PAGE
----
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What Does an Emergency Medical Dispatcher Do?

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  • Written By: Patti Kate
  • Edited By: W. Everett
  • Last Modified Date: 20 October 2019
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An emergency medical dispatcher is someone trained in telecommunications, whose major responsibility is taking information over the telephone from those who require emergency care. The emergency medical dispatcher is also skilled at operating the automated dispatch system that relays information electronically. After determining the nature of the emergency situation, the dispatcher will then transmit the information to the proper authorities. To be qualified for his responsibilities, the emergency medical dispatcher will have to receive certification. Many emergency medical dispatchers have prior experience in emergency medicine or public safety, which may have included work as an emergency medical technician (EMT) or volunteer paramedic.

Some of the major emergency medical dispatcher requirements include the ability to hear well and to speak clearly over the phone. Prior to becoming certified, the applicant will also be required to pass a drug and alcohol screening test. Every emergency medical dispatcher is skilled at public interaction, and performs duties effectively during the most stressful situations. When receiving telephone calls from those in perilous or life-threatening situations, the emergency medical dispatcher must be able to accurately and thoroughly take all pertinent information. He must also ask the caller several vital questions.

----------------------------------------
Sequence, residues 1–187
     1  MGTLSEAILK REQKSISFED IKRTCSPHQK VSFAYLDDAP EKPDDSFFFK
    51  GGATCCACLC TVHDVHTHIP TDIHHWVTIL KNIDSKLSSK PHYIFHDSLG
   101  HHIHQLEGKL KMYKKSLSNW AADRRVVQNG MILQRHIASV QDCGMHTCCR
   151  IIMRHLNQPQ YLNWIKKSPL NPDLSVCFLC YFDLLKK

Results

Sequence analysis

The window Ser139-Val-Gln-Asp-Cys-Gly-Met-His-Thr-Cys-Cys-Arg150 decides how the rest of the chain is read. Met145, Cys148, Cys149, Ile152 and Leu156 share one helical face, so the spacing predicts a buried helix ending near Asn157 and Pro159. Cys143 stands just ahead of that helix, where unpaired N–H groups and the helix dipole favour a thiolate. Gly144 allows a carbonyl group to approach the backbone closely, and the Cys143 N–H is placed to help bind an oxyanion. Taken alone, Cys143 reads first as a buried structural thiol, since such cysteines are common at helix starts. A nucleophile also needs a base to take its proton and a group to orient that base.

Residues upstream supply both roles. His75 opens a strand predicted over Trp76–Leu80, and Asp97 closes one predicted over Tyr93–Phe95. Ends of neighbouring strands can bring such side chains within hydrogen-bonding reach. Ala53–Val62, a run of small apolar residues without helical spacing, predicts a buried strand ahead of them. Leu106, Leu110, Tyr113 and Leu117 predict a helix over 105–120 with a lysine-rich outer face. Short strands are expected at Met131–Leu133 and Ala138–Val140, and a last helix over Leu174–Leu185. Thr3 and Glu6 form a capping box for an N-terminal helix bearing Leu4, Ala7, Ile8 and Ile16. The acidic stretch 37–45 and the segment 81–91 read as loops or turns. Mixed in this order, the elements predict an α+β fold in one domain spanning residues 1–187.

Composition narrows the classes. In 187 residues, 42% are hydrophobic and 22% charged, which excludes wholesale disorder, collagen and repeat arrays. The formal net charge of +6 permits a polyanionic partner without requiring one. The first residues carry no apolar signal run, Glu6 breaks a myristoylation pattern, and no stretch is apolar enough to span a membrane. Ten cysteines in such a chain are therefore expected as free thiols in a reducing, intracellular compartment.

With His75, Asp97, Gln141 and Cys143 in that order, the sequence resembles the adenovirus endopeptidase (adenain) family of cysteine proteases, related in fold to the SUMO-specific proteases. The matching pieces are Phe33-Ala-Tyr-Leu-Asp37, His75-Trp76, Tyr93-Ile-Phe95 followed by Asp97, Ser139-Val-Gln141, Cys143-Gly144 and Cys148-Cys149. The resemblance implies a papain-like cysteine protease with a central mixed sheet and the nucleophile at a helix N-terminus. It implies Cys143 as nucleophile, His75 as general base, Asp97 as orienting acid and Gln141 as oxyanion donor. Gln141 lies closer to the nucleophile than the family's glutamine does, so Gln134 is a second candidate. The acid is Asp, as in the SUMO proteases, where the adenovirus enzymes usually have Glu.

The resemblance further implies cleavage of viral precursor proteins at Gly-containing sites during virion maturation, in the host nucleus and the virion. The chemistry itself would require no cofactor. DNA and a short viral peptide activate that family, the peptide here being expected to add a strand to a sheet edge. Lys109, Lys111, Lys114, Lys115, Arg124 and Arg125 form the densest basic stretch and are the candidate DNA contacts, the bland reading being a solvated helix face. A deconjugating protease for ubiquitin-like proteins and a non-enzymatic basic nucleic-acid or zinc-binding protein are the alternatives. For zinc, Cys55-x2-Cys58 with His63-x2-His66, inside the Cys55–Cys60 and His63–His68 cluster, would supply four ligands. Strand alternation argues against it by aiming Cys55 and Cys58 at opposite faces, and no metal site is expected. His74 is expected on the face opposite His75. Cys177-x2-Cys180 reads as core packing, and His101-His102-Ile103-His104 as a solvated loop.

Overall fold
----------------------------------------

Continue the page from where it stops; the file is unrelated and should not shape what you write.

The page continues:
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Those involved in emergency medical dispatching jobs are sometimes referred to as ambulance service control workers. Ambulance service control workers will take calls from individuals who require an ambulance. In addition to gathering pertinent information regarding the nature of an illness or injury, the dispatcher must obtain precise directions to the location of the person requiring assistance.

In most areas of the United States, the dispatcher is known as a 911 emergency dispatcher. Emergency calls are taken through the 911 system. These dispatchers typically work at large call centers, although rural areas may employ 911 dispatchers at smaller stations, such as firehouses.

During a crisis situation, the dispatcher may speak with someone who is excited, distraught, or incoherent. It is an essential duty of the emergency medical dispatcher to try to keep the caller calm. If the caller remains calm, he will be able to describe the details accurately, which helps ensure fast response.

In some cases, an emergency medical dispatcher will have knowledge and training on specific medical emergency procedures. Under certain circumstances, the dispatcher may be required to provide instruction over the phone for resuscitating an unconscious individual. He may also instruct a person on the proper way to control bleeding.

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